Glutamate excitotoxicity, Ischemia, Epilepsy, KATP channels, Glutamate receptors


'Excitotoxicity' represents the excitatory amino acid mediated degeneration of neurons. Glutamate is the major excitatory neurotransmitter in the brain. Glutamate excitotoxicity has been implicated in a number of neurodegenerative disorders like Stroke, Epilepsy, Alzheimer's disease and traumatic brain injury. This neurotoxicity is summed up by the 'glutamate hypothesis' which describes the cause of neuronal cell death as an excessive release of glutamate causing over excitation of the glutamate receptors and subsequent increase in influx of calcium leading to cell death. An effort to counteract this neurotoxicity has lead to the development of glutamate receptor antagonists that can effectively serve as neuroprotective agents. Nevertheless, the downside to these drugs has been the side effects observed in clinical trial patients due to their disruptive action on the physiological function of these receptors like learning and memory. This work was undertaken to identify targets that can effectively be used to treat excitotoxicity without affecting any normal physiological functions. In one approach, (chapter I) we have identified the KATP channels as an effective modulator of epileptogenesis. In another approach, (Chapter II) we show that targeting the AMPA receptor subunit GluR2 is a practical strategy for stroke therapy. KATP channels that are gated by intracellular ATP/ADP concentrations are a unique subtype of potassium channels and play an essential role in coupling intracellular metabolic events to electrical activity. Opening of KATP channels during energy deficits in the central nervous system (CNS) induces efflux of potassium ions and in turn hyperpolarizes neurons. Thus, activation of KATP channels is thought to be able to counteract excitatory insults and protect against neuronal death. Here, we show that, functional Kir6.1 channels are located at excitatory pre-synaptic terminals as a complex with type-1 Sulfonylurea receptors (SUR1) in the hippocampus. The mutant mice with deficiencies in expressing the Kir6.1 or the SUR1 gene are more vulnerable to generation of epileptic form of seizures, compared to wild-type controls. Whole-cell patch clamp recordings demonstrate that genetic deletion of the Kir6.1/SUR1 channels enhances glutamate release at CA3 synapses. Hence, expression of functional Kir6.1/SUR1 channels inhibits seizure responses and possibly acts via limiting excitatory glutamate release. In addition to epilepsy, ischemic stroke is a leading cause of death in developed countries. A critical feature of this disease is a highly selective pattern of neuronal loss; certain identifiable subsets of neurons, particularly CA1 pyramidal neurons in the hippocampus are severely damaged, whereas others remain intact. A key step in this selective neuronal injury is Ca2+/Zn2+ entry into vulnerable neurons through [alpha]-amino-3-hydroxy-5-methyl-4-isoxazole propionic acid (AMPA) receptor channels, a principle subtype of glutamate receptors. AMPA receptor channels are assembled from glutamate receptor (GluR) -1, -2, -3, and -4 subunits. Circumstance data have indicated that the GluR2 subunits dictate Ca2+/Zn2+ permeability of AMPA receptor channels and gate injurious Ca2+/Zn2+ signals in vulnerable neurons. Here we show that ischemic insults induce toxic Ca2+ entry through AMPA receptors into vulnerable neurons by modification of GluR2 RNA editing. Thus, targeting of GluR2 subunit can be considered as a promising target for stroke therapy.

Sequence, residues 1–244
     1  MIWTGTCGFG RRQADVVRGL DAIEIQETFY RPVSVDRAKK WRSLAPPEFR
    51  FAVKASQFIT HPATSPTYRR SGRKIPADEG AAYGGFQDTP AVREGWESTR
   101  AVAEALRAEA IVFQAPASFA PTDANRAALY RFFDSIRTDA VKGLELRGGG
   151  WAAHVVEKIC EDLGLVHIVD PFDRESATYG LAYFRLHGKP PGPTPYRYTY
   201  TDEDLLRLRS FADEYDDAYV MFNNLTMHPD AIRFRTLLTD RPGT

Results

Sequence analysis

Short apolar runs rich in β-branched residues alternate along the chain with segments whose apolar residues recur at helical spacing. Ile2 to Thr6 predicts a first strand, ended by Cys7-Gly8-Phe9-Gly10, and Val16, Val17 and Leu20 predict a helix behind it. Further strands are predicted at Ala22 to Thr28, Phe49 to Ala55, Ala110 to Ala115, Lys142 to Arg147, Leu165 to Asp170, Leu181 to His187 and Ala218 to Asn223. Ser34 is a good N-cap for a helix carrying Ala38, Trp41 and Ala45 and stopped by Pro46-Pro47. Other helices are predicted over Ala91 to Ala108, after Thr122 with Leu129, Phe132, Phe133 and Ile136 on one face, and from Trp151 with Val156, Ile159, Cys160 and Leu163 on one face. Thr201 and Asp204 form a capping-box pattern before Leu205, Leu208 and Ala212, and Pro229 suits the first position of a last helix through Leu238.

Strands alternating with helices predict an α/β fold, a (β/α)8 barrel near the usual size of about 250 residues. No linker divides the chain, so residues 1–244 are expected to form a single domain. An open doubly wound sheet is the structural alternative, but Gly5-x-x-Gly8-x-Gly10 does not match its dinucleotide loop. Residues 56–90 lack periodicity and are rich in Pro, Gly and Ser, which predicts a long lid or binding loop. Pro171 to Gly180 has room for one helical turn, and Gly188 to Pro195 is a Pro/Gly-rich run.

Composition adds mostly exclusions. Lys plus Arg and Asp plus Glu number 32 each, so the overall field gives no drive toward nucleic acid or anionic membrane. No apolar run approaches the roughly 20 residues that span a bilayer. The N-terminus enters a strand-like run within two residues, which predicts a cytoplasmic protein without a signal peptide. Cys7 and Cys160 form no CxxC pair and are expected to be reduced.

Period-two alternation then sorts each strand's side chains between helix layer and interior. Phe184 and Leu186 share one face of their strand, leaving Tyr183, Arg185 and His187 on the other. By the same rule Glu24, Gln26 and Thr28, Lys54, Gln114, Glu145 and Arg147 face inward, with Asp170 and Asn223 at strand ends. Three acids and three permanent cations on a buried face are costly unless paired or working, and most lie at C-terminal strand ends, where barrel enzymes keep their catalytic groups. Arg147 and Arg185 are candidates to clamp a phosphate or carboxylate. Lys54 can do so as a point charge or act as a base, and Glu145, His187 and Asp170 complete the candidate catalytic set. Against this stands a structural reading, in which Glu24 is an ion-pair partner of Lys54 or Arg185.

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Graduation Date





Lu, YouMIng


Doctor of Philosophy (Ph.D.)


Burnett College of Biomedical Sciences


Biomolecular Science

Degree Program

Biomolecular Sciences








Release Date

December 2007

Length of Campus-only Access


Access Status

Doctoral Dissertation (Open Access)